• Cons: Does not stand up to heat well, too soft for some piping and smaller details, pale yellow in color.

Cooked-Flour Buttercream

Also known as heritage, ermine, and boiled-milk frosting, this buttercream starts with — you guessed it! — cooked flour. If you can make a roux, you can make this buttercream. The roux thickens as it cools, and is then whipped with softened butter and sugar.

This buttercream is a bit old-fashioned; it's actually the original buttercream paired with a classic Red Velvet Cake, not cream cheese frosting like it is usually frosted with today. Cooked-flour buttercream is light and soft with a mild sweet flavor.

  • Pros: Fairly easy to make, mild taste, does not require eggs.
  • Cons: Does not withstand heat very well, too soft for some piping and smaller details.

Putting the "Butter" in Buttercream

It might be obvious (it's right there in the name, after all!), but butter is definitely an important component when it comes to making any of these buttercream frostings. Let's take a moment to actually think about what the butter is doing to create these luscious, spreadable frostings.

The butter in a buttercream recipe makes up the bulk of the frosting. In fact, butter accounts for typically about 30 to 50 percent of a buttercream recipe. Butter is what gives the frosting structure, making it able to be piped or spread in a thick layer.

Since butter makes up so much of a buttercream recipe, it is important to use a good-quality butter — one with a pleasing taste (typically unsalted) and without too high of a water content. Using substitutes like margarine and shortening alter the flavor, mouthfeel, and structure. Sometimes small amounts of shortening are added to help stabilize buttercream and prevent it from melting.

How to Fix a "Broken" Buttercream

Like in all baking, temperature plays an important role in creating a smooth buttercream. In order to emulsify and blend into the frosting easily, the butter and all other ingredients should be room temperature. If while mixing, a buttercream appears to be "broken" — curdled or soupy — then the temperature of the butter is usually to blame.

If the butter is too warm, the buttercream will appear soupy and separated. Try popping the mixing bowl and its contents into the fridge for about 10 minutes, then continue to mix.

If the butter is too cold, the buttercream will appear curdled, chunky, or simply won't come together no matter how much you mix. Sometimes all you need is time, especially for a meringue-based buttercream; just keep mixing until the frosting becomes silky-smooth, even as long as eight minutes. If you are using a stainless steel mixing bowl, try wrapping a towel around the base or heating the outside of the bowl with a kitchen torch. Keep mixing and moving the torch around until the contents gradually heat up and come together.

If you're in a hurry or using a torch sounds intimidating, try removing a portion of the buttercream and gently heating it up in the microwave — just enough to soften it and warm it up, but not so much to melt the butter. Add it back into the buttercream and mix until combined.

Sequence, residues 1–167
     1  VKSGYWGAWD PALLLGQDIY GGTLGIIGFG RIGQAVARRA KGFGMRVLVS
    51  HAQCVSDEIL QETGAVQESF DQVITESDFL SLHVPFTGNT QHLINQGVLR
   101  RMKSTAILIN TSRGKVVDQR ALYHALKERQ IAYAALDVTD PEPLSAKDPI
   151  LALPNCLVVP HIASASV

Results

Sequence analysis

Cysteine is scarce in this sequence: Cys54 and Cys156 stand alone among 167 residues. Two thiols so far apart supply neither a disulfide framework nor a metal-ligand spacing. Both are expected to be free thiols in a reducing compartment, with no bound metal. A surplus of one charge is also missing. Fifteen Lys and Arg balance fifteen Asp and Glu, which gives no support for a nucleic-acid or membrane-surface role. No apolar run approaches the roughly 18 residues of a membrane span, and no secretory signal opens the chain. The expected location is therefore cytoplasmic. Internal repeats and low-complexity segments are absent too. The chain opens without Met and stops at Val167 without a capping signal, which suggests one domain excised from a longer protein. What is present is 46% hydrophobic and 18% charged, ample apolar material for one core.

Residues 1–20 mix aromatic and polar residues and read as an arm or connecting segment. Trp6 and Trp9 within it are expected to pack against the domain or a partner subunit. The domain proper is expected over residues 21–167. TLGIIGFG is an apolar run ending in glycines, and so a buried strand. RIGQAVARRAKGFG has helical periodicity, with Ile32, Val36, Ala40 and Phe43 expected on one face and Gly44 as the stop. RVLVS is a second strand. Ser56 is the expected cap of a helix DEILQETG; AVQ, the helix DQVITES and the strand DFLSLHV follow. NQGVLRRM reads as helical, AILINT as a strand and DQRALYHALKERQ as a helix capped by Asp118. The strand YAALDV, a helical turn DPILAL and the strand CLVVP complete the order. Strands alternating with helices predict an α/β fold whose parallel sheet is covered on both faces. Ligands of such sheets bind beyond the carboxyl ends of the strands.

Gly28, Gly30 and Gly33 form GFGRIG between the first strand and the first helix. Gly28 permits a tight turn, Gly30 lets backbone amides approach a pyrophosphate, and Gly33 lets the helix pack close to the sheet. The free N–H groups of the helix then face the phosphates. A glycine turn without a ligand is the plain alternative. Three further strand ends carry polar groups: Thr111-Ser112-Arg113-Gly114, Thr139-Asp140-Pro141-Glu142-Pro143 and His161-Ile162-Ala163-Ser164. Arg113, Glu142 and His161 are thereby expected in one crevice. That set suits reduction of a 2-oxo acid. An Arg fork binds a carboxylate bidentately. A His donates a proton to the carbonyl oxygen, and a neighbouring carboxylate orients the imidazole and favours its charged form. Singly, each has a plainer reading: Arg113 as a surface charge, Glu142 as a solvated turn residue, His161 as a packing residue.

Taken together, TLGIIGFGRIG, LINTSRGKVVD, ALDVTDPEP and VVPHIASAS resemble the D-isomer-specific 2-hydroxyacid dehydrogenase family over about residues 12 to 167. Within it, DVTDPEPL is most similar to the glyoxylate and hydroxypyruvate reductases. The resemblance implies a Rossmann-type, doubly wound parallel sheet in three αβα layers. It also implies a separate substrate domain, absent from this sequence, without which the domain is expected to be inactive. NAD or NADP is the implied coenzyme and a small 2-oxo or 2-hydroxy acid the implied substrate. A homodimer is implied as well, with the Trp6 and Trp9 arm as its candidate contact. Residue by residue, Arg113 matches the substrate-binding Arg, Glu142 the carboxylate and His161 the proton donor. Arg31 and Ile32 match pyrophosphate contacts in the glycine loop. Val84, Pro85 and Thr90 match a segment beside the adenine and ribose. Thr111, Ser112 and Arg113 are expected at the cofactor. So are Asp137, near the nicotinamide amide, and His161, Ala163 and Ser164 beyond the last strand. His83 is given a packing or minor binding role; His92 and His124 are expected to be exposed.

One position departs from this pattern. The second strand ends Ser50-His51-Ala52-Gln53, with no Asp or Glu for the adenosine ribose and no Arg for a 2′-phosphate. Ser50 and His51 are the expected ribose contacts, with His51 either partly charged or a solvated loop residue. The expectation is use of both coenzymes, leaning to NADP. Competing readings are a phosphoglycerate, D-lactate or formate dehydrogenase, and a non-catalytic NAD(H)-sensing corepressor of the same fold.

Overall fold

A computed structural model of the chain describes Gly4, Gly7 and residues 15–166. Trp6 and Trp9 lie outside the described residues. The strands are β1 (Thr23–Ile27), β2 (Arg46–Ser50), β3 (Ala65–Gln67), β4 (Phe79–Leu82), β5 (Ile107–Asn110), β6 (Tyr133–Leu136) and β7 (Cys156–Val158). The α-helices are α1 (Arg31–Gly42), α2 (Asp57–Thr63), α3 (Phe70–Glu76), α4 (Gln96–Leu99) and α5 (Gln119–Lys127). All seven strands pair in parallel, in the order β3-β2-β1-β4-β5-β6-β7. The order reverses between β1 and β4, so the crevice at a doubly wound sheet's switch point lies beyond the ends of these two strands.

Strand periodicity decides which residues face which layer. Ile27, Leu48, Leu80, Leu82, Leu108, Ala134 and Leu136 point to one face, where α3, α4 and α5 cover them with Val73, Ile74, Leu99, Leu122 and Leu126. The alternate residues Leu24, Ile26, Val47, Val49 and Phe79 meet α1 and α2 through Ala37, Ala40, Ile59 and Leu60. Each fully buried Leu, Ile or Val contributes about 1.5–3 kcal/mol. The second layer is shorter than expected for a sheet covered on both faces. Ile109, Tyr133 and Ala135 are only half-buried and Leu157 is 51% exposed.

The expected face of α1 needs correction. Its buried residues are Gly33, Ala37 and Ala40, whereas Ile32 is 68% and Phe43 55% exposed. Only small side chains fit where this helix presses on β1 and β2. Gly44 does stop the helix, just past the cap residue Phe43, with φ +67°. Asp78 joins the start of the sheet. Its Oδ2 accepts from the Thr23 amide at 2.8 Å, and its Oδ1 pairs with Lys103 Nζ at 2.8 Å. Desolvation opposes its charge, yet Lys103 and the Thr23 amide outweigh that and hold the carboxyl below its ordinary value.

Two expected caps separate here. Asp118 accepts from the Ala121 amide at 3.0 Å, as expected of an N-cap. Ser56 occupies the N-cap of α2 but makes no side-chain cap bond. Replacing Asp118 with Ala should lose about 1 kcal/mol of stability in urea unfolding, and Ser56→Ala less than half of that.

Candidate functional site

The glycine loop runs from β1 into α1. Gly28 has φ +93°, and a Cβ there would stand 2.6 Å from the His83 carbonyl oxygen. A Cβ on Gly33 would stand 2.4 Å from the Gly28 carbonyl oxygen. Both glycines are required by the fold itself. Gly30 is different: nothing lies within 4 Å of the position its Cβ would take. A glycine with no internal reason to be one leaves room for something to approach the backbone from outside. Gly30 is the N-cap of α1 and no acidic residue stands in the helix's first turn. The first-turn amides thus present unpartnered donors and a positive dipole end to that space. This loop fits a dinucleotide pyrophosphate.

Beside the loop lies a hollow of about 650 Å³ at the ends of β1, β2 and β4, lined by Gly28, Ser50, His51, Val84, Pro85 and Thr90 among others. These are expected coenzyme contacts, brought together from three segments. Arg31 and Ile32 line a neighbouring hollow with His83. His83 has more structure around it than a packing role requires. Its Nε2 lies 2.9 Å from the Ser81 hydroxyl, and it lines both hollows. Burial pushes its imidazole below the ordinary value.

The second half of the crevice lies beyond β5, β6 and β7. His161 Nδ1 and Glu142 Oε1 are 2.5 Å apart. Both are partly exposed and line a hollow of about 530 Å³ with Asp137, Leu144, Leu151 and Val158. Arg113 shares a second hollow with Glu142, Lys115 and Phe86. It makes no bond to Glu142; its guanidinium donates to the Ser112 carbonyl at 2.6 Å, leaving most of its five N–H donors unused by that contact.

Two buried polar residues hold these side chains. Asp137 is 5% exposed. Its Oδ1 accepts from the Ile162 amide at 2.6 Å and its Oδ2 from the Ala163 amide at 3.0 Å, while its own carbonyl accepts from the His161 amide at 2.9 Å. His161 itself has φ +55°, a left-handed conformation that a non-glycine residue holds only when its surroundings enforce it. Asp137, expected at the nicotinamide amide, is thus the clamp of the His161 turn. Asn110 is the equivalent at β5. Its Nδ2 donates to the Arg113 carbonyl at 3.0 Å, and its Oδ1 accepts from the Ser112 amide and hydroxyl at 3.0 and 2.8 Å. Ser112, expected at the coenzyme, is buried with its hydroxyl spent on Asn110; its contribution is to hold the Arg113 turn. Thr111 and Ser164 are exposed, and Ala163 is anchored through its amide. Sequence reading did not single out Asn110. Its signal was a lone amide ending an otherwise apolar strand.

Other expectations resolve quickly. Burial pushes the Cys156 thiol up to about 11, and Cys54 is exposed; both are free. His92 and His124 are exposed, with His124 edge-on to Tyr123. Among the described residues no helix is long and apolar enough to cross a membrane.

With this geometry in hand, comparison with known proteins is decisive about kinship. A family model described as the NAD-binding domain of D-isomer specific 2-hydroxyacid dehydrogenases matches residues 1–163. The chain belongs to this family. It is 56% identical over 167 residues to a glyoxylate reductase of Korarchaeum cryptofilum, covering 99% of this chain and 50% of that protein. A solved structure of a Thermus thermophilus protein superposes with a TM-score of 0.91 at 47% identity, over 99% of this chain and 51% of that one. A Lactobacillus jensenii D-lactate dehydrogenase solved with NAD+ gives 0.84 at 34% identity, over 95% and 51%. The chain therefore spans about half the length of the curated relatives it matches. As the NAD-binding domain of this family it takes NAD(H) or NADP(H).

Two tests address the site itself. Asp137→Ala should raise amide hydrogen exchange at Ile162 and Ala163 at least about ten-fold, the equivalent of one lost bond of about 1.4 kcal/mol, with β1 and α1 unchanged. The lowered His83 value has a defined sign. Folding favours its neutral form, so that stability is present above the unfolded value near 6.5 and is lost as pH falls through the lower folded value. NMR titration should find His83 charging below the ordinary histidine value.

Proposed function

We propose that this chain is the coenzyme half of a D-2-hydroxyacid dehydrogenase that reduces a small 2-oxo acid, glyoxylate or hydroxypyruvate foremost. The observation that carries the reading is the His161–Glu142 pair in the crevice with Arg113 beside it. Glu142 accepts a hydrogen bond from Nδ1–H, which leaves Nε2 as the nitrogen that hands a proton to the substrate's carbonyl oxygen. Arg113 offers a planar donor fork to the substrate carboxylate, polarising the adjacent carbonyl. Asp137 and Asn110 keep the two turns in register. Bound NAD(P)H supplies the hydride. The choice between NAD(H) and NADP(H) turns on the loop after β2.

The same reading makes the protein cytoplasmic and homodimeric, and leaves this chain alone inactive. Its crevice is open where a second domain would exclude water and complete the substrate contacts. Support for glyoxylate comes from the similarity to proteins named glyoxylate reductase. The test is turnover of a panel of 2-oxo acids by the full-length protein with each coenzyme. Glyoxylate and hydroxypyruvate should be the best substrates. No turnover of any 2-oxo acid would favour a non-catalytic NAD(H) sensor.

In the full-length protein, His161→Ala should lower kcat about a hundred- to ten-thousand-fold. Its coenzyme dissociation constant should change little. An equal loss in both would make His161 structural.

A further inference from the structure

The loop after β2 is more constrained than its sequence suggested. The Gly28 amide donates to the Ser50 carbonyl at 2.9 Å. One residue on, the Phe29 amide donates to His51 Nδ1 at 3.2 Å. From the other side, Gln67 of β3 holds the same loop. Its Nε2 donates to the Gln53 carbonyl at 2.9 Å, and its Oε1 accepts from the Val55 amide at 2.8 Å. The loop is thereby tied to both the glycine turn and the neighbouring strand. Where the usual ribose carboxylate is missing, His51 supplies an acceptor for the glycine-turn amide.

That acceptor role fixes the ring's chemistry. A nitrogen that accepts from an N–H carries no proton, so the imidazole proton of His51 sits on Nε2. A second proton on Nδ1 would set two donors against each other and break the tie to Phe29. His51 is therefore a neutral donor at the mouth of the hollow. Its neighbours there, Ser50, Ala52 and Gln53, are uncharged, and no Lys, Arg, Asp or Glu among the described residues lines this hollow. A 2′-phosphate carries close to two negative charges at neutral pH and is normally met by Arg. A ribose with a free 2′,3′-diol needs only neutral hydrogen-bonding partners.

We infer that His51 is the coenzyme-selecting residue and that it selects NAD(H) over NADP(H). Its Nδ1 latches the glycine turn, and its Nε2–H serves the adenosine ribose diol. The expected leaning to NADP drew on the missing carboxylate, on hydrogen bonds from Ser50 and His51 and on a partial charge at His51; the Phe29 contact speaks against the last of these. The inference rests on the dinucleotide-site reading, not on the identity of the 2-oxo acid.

(Image credit: Tessa Huff)

Using Buttercream to Frost Baked Goods

Buttercream is a finished recipe, yet something we don't usually eat by itself. When making a cake, it can be spread between layers and used to frost the outside, creating anything from a smooth finish to a fluffy, rustic finish. It can also be carefully piped around the top and bottom edges of the cake to create delicate borders. On cupcakes, it may be piped with various piping tips or spread with a metal spatula for a more homemade look.

Some not-so-obvious uses for buttercream include spreading on brownies, filling macarons, slathering on whoopie pies, and sandwiching between cookies.

Beyond Basic Vanilla Buttercream

The flavor variations for buttercreams are endless. Beyond traditional vanilla and classic chocolate, the only limit is your imagination! Some of my favorites include adding a few tablespoons of strong espresso, stirring in some salted caramel sauce, or adding fresh strawberry puree. For a simple swap, try switching the vanilla extract for others like peppermint, almond, and lemon.

Be careful when adding liquids — adding too much may compromise the structure of the buttercream. Fold in denser ingredients, like peanut butter and praline paste, until fully combined; these are great at adding flavor while keeping the integrity of the buttercream. Another way to flavor your buttercream? Infuse the butter itself before getting started!

(Image credit: Lindsay Ribe)

Every lesson has three homework options. Maybe you’ve already got one down, or you just have time for a quick study session. So pick one, and show us by tagging it with #kitchnbakingschool on Instagram or Twitter.

(Image credit: Lindsay Ribe)

Watch this video on piping buttercream.

(Image credit: Lindsay Ribe)

Make a basic buttercream.

(Image credit: Lindsay Ribe)

Color or flavor the buttercream you just made. Share it with us on Twitter!